Theme Wrappers

You know what really grinds my gears? Code duplication. And you know where you can find plenty of that? In WordPress themes!

This has gotten a little better recently, thanks to get_template_part().

Still, for each main template file you have to repeat the calls to get_header(), get_sidebar() and get_footer(), as well as any HTML that defines your basic layout.

Here’s an example archive.php file:

<?php get_header(); ?>

<section id="primary">
	<div id="content" role="main">
		<?php while ( have_posts() ) : the_post(); ?>

		<?php get_template_part( 'content', get_post_format() ); ?>

		<?php endwhile; ?>
	</div>
</section>

<?php get_sidebar(); ?>

<?php get_footer(); ?>

Even with the creative use of get_template_part(), all the code around it will need to be added to single.php, tag.php etc. etc.

What you would like to do is put all that common code into a single file, and call it, say, wrapper.php:

<?php get_header( my_template_base() ); ?>

<section id="primary">
	<div id="content" role="main">
		<?php include my_template_path(); ?>
	</div>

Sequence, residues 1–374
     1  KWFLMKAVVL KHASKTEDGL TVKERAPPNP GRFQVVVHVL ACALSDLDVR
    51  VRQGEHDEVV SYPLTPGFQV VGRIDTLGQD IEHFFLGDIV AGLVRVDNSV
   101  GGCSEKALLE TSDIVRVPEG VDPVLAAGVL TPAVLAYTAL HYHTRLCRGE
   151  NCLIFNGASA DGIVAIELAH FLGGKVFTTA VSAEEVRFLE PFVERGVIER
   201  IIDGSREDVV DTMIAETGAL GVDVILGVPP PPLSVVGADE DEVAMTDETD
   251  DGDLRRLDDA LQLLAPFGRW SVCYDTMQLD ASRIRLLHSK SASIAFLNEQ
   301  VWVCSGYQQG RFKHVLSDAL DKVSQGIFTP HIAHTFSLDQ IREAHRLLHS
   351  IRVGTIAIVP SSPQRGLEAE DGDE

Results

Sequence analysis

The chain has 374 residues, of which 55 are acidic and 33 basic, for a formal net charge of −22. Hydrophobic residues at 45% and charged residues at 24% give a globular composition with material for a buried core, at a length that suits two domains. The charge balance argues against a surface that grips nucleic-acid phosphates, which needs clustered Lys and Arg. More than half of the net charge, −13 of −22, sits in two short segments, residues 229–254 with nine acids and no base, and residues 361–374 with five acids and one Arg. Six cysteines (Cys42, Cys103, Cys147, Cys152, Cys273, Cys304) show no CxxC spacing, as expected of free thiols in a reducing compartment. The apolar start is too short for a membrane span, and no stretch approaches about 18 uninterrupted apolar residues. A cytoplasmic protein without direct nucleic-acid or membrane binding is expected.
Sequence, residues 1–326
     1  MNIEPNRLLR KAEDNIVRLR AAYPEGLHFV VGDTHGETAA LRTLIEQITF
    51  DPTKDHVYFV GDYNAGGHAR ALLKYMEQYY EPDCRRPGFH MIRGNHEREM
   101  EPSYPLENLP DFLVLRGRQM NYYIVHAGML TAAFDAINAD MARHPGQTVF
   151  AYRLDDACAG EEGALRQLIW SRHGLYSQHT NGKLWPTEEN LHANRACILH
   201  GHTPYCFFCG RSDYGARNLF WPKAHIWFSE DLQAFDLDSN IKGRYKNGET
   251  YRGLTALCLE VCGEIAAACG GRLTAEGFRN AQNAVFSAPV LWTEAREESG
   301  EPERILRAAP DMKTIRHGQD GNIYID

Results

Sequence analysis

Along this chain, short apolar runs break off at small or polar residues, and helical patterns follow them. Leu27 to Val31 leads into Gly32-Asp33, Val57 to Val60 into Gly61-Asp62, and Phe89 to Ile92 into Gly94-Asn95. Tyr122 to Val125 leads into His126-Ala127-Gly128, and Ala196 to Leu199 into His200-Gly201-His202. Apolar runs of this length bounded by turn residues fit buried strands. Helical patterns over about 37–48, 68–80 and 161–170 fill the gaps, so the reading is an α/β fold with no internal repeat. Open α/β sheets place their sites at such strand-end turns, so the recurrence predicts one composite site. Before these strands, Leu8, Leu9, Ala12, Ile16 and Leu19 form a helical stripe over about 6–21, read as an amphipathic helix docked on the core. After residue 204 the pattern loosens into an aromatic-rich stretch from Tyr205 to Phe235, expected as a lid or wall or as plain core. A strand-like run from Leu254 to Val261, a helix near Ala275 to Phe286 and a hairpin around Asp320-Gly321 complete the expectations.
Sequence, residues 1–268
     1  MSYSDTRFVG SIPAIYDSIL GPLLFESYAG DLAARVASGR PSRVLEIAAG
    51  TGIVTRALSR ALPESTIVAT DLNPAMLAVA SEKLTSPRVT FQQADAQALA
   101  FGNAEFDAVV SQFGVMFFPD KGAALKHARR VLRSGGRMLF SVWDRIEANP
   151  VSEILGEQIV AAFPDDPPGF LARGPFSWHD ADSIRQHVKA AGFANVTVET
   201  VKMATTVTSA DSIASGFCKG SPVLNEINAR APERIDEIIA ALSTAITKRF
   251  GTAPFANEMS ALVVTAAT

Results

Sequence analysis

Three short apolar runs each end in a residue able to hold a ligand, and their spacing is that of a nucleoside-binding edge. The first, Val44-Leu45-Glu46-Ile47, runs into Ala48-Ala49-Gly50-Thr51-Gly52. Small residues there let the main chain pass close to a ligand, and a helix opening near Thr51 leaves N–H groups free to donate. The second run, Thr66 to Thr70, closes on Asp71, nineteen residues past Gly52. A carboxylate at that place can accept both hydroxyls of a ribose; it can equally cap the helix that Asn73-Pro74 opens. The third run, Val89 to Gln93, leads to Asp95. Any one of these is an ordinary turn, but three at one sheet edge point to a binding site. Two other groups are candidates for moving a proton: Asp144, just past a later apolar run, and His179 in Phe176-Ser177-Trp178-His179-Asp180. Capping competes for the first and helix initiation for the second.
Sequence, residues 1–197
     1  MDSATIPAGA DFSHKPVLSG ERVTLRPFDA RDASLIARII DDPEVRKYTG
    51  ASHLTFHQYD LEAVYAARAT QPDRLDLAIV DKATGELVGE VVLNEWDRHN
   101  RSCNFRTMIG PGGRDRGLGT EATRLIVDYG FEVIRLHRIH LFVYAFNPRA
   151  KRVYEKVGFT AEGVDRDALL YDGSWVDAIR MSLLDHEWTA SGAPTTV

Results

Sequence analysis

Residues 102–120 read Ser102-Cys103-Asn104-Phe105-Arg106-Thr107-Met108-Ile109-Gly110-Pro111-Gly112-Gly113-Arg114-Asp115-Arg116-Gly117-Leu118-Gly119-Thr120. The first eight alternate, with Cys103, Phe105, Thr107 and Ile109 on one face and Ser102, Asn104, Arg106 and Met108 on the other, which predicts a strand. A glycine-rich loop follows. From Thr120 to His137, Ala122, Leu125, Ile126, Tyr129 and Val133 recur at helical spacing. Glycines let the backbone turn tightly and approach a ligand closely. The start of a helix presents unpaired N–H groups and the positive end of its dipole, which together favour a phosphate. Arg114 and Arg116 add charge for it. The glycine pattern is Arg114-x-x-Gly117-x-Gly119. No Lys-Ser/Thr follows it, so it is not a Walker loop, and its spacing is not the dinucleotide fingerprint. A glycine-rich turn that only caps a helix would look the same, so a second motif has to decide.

</section>

<?php get_sidebar( my_template_base() ); ?>

<?php get_footer( my_template_base() ); ?>

and leave archive.php with only the specific code:

<?php while ( have_posts() ) : the_post(); ?>

	<?php get_template_part( 'content', get_post_format() ); ?>

<?php endwhile; ?>

Here’s what the template hierarchy looked like before:

{template}.php
    header-{foo}.php > header.php
    sidebar-{bar}.php > sidebar.php
    footer-{baz}.php > footer.php

and after:

wrapper-{template}.php > wrapper.php
    {template}.php
        header-{template}.php > header.php
        sidebar-{template}.php > sidebar.php
        footer-{template}.php > footer.php

Replace {template} with any template name: single, taxonomy-my_custom_tax etc.

Now you’re probably wondering what kind of voodoo you would have to do to make this work. In fact, the only magic ingredient you need is the often overlooked 'template_include' filter:

Paste that code into your theme’s functions.php file and you’re done: wrappers for all.

Note that you can have multiple wrappers: wrapper-single.php, wrapper-page.php etc. and that they can be overwritten, just like any other template, using a child theme.

This approach was inspired by Django’s template language, which supports template inheritance.

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